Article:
The Phaserl


How To Build Your Own Perfect Bug Out Bag

from The Sleuth Journal:

For years, my bug out bag has languished in a closet, stuffed to the gills with the gear that I “thought” I might need if forced to flee my home following a disruptive event.  My bag, as precious as it was, weighed over 40 pounds and the zippers were to the point of bursting.  It was full of gear to cover every contingency I could think of.

How did this happen?  Quite honestly, it happened gradually over a period of years.  It started six years ago with my first B.O.B.   That first effort included mostly the basics: fire making supplies, water purification tabs, a couple of knives, TP, a first aid kit, personal items, documents, and cash.  At the time, I thought I was set.  Of course I was wrong.

I Already Have a Bug-Out Bag.  Why Change?

Over the last six years, my knowledge of preparedness has grown exponentially, and with each new month, a light bulb has gone off and another piece of gear added to the pack.  Clearly, it was time for a change.

Why change?  My bag had become a mish mash of items, most of which I would never need.  The bag was too heavy and even if it was not, in an emergency I could not get to its poorly organized contents easily.

This time I wanted to do it right.  Before setting out to reconfigure my bug out bag, I set down some assumptions and goals.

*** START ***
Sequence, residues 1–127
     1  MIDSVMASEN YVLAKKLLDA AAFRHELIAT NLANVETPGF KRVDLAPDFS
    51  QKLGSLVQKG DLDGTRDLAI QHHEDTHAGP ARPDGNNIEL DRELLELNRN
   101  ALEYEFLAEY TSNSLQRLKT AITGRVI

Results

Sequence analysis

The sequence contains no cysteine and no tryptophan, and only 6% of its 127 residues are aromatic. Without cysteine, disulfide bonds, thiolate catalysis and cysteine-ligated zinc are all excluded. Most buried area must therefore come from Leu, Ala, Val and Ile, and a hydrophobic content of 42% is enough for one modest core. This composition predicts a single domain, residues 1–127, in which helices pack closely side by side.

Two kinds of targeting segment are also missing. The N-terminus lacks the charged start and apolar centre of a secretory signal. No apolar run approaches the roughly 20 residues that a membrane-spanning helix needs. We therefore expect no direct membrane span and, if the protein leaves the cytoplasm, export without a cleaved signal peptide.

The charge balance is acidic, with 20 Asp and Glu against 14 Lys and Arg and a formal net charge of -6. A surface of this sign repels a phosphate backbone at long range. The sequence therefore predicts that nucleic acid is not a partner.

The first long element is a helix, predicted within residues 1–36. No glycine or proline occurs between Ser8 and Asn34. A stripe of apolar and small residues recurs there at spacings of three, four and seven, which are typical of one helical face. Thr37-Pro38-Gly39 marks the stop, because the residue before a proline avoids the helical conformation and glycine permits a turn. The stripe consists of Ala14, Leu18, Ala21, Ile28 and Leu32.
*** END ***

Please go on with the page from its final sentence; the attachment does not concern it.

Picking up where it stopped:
1.  First and foremost, my bug out bag needed to address what I felt were the most-likely disruptive events to occur in my area.  Yes, this would be a subjective risk evaluation but before continuing, I knew it had to be done lest I suffer another 40 pound behemoth backpack.

2.  My B.O.B. needed to be road-worthy.  It had to get me both away from home and back to home, depending on the circumstances.

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1 comment to How To Build Your Own Perfect Bug Out Bag

  • Ed_B

    Good list of things for a BOB but missing are: 1) a small 9 mm handgun and ammo; 2) a compass; 3) a good county map that includes your home and the place to which you want to bug out; 4) a clean pair of dry socks; 5) 50 feet of 6 lb monofilament line, fish hooks, and weights; and 6) matches in a plastic vial. Yes, she had a fire starter in there but at least 2 ways to start a fire should be the minimum for this critical item.

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